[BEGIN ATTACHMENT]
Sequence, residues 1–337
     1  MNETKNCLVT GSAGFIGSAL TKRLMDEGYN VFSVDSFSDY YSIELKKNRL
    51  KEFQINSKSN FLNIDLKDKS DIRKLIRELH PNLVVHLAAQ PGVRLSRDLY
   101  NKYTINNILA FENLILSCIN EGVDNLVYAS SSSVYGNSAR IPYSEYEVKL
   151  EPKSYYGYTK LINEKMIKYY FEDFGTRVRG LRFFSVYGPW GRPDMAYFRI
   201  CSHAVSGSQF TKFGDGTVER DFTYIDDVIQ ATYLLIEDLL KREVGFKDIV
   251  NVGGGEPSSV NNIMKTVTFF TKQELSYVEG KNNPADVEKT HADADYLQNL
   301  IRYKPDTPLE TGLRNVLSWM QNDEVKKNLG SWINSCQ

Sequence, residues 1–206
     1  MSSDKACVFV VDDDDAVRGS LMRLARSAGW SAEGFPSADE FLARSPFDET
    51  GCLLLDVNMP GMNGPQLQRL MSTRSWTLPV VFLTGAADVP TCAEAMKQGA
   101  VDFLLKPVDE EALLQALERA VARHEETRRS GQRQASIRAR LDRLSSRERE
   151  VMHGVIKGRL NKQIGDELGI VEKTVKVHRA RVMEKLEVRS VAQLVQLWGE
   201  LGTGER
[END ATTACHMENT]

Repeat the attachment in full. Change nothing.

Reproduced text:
Sequence, residues 1–337
     1  MNETKNCLVT GSAGFIGSAL TKRLMDEGYN VFSVDSFSDY YSIELKKNRL
    51  KEFQINSKSN FLNIDLKDKS DIRKLIRELH PNLVVHLAAQ PGVRLSRDLY
   101  NKYTINNILA FENLILSCIN EGVDNLVYAS SSSVYGNSAR IPYSEYEVKL
   151  EPKSYYGYTK LINEKMIKYY FEDFGTRVRG LRFFSVYGPW GRPDMAYFRI
   201  CSHAVSGSQF TKFGDGTVER DFTYIDDVIQ ATYLLIEDLL KREVGFKDIV
   251  NVGGGEPSSV NNIMKTVTFF TKQELSYVEG KNNPADVEKT HADADYLQNL
   301  IRYKPDTPLE TGLRNVLSWM QNDEVKKNLG SWINSCQ

Sequence, residues 1–206
     1  MSSDKACVFV VDDDDAVRGS LMRLARSAGW SAEGFPSADE FLARSPFDET
    51  GCLLLDVNMP GMNGPQLQRL MSTRSWTLPV VFLTGAADVP TCAEAMKQGA
   101  VDFLLKPVDE EALLQALERA VARHEETRRS GQRQASIRAR LDRLSSRERE
   151  VMHGVIKGRL NKQIGDELGI VEKTVKVHRA RVMEKLEVRS VAQLVQLWGE
   201  LGTGER